If you purchased a 25/50/25 auto insurance policy, that means you have $25,000 in coverage for bodily injury liability per person, $50,000 for bodily injury liability per accident, and $25,000 for property damage liability.
In 17 states, 25/50/25 insurance is the minimum car insurance required. The states with this minimum are:
*These states may require additional coverage to meet state minimum requirements.
Each state sets its own car insurance minimum requirements. Alaska and Maine, for example, have the highest minimum car insurance required. Drivers in these states must have a policy with at least 50/100/25 insurance coverage.
Arizona set their state’s minimum liability limits at 15/30/10, and Florida drivers are only required to have 10/20/10 insurance. Check with your state’s division of motor vehicles to find out what your minimum liability limits are.
The three numbers on your 25/50/25 policy represent a dollar amount limit for a different type of liability auto insurance coverage.
With a 25/50/25 insurance policy, the first number represents the amount of bodily injury liability per person. This is the maximum amount your insurance company will pay out for each person that is injured in an at-fault accident. You will be responsible for any costs above $25,000 with this level of coverage.
The second number in the series represents the amount of bodily injury liability per accident. Bodily injury liability per accident is the maximum amount your insurance company will pay out for a single accident.
The third number is the amount of property damage liability. Having 25/50/25 insurance means your insurer will pay a maximum of $25,000 to cover damage to another driver’s vehicle or property. An example of damaged property in an accident may include a mailbox, fence or building.
So, let’s say you were in an accident that involved two injured people. Your 25/50/25 policy would cover each person up to $25,000. But if you were in an accident with more than two people, let’s say four or five your insurance policy would only pay out up to $50,00 and no more than $50,000 for a single individual.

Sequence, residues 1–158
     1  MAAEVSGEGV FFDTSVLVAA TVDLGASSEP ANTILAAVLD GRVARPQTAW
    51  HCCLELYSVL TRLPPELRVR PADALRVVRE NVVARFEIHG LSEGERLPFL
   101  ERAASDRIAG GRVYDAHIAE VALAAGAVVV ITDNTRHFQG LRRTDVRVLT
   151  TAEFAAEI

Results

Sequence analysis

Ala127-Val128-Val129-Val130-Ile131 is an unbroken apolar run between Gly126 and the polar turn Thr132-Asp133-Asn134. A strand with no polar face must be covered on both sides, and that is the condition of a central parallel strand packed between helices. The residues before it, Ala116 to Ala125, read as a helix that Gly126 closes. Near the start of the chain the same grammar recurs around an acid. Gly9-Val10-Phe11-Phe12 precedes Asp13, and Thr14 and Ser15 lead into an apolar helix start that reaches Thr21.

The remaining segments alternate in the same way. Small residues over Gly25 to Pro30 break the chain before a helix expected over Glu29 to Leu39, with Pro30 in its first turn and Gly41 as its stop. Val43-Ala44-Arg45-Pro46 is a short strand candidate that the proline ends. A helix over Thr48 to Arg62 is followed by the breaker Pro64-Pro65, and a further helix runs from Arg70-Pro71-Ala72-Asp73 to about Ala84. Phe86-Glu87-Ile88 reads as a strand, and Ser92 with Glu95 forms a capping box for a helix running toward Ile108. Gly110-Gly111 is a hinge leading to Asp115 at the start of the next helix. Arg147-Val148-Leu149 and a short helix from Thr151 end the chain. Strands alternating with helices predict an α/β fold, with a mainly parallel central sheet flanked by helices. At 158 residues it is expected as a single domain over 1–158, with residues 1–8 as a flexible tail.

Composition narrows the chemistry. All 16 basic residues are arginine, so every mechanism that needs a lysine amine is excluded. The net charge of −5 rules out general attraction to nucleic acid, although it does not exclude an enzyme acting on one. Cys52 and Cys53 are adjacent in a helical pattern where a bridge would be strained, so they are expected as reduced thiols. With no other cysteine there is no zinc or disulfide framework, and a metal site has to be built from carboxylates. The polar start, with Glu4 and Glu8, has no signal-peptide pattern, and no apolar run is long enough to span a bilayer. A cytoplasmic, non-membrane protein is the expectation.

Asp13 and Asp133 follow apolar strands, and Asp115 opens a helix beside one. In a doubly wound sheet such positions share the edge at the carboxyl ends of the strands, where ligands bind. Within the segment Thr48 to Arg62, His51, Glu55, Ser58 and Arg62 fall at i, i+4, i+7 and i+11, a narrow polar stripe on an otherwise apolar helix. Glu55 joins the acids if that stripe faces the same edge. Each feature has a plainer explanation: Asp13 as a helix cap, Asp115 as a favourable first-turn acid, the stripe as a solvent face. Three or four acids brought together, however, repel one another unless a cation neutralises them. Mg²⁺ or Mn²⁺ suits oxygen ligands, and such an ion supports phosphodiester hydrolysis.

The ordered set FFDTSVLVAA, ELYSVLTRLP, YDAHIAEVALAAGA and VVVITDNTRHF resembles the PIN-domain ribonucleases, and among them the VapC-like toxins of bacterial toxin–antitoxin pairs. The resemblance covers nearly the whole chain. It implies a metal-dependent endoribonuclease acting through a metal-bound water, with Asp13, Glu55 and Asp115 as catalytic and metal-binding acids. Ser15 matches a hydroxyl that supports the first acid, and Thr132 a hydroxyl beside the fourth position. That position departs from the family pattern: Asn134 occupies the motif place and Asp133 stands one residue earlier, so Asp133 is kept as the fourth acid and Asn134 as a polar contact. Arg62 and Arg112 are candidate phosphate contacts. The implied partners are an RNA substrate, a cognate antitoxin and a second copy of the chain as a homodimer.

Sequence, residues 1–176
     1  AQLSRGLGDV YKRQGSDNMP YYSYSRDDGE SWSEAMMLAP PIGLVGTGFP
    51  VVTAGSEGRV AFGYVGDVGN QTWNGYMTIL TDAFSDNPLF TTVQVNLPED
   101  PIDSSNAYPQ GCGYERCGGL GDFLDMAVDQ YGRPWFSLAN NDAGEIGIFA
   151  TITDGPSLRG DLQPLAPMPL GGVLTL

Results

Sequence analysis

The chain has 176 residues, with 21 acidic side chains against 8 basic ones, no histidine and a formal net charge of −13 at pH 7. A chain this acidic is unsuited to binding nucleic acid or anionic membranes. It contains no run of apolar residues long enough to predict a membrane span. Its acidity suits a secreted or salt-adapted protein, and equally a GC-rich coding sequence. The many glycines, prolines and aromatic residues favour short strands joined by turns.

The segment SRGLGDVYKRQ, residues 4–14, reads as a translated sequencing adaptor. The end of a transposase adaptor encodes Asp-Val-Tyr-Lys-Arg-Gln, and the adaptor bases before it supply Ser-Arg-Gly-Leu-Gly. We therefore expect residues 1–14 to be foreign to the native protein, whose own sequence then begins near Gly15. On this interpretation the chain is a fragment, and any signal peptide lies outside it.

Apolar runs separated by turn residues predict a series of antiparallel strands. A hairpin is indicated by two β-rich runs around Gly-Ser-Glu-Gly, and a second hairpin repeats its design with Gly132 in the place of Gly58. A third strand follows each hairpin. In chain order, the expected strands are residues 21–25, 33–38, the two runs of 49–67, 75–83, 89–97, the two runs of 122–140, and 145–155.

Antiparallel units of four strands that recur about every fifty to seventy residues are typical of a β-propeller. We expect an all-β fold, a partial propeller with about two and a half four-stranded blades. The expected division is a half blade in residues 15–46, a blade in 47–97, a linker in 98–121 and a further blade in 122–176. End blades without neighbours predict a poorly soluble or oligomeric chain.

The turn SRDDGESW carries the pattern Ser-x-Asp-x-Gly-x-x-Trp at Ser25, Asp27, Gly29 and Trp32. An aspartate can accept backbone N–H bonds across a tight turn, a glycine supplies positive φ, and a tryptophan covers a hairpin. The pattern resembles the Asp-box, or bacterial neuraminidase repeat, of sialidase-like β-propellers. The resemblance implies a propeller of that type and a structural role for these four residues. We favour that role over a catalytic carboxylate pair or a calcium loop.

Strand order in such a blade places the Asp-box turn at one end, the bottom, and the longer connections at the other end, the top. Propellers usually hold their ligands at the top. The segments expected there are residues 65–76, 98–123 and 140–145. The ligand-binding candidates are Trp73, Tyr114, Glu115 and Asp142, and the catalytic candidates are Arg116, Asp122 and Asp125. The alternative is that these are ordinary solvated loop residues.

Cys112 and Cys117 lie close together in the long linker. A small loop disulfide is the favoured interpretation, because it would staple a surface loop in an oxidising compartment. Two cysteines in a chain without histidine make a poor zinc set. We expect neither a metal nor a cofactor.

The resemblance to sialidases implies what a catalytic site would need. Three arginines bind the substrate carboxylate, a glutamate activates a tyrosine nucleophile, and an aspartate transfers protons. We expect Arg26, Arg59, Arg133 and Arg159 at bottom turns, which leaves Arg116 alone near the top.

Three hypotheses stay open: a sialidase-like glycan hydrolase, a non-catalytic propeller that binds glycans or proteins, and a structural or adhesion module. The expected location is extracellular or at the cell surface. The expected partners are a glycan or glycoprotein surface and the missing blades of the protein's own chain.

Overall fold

Understanding how much coverage you have is important. State minimum requirements for auto insurance often aren’t enough to cover even a small accident with just a few injured parties. That means you would end up paying money out of your own pocket.
It’s highly recommended to get more than the required state minimum car insurance. But if you do have a policy with the minimum requirements, other types of auto insurance coverage can be added to your policy for more protection.
Having full coverage protects you financially giving you peace of mind while on the road.
Collision – To help pay for any repairs to your car, you need collision coverage. Damage to your own vehicle isn’t typically covered under property damage liability. If you have a leased car or an auto loan, your financing company may require you to have collision coverage.
Comprehensive – If your vehicle is vandalized, stolen or is damaged from a falling object, comprehensive coverage will help pay for repairs. This type of coverage does include a deductible, so you will have to pay that before your insurance kicks in.
Uninsured/underinsured motorist – Uninsured motorist coverage is important because it helps pay for medical bills or vehicle repairs if an uninsured driver hits you. Underinsured coverage comes into play if you’re in an accident and the other driver is at fault but doesn’t have enough insurance to cover all the expenses.
Medical payments coverage – Also known as MedPay, this coverage pays for expenses if you require a visit to the hospital or need X-rays or surgery after an accident. Medical payments coverage also helps pay for medical costs for passengers in the vehicle.
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